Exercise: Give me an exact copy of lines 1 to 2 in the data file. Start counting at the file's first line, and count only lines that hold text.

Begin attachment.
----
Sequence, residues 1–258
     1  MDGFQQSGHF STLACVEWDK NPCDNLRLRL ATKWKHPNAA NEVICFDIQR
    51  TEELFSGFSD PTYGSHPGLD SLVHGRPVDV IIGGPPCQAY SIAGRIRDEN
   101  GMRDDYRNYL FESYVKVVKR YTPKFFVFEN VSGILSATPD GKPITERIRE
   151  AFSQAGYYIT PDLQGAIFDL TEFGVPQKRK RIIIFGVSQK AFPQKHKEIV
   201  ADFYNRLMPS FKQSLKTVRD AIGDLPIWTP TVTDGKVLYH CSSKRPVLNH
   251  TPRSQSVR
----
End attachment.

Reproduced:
Sequence, residues 1–258
     1  MDGFQQSGHF STLACVEWDK NPCDNLRLRL ATKWKHPNAA NEVICFDIQR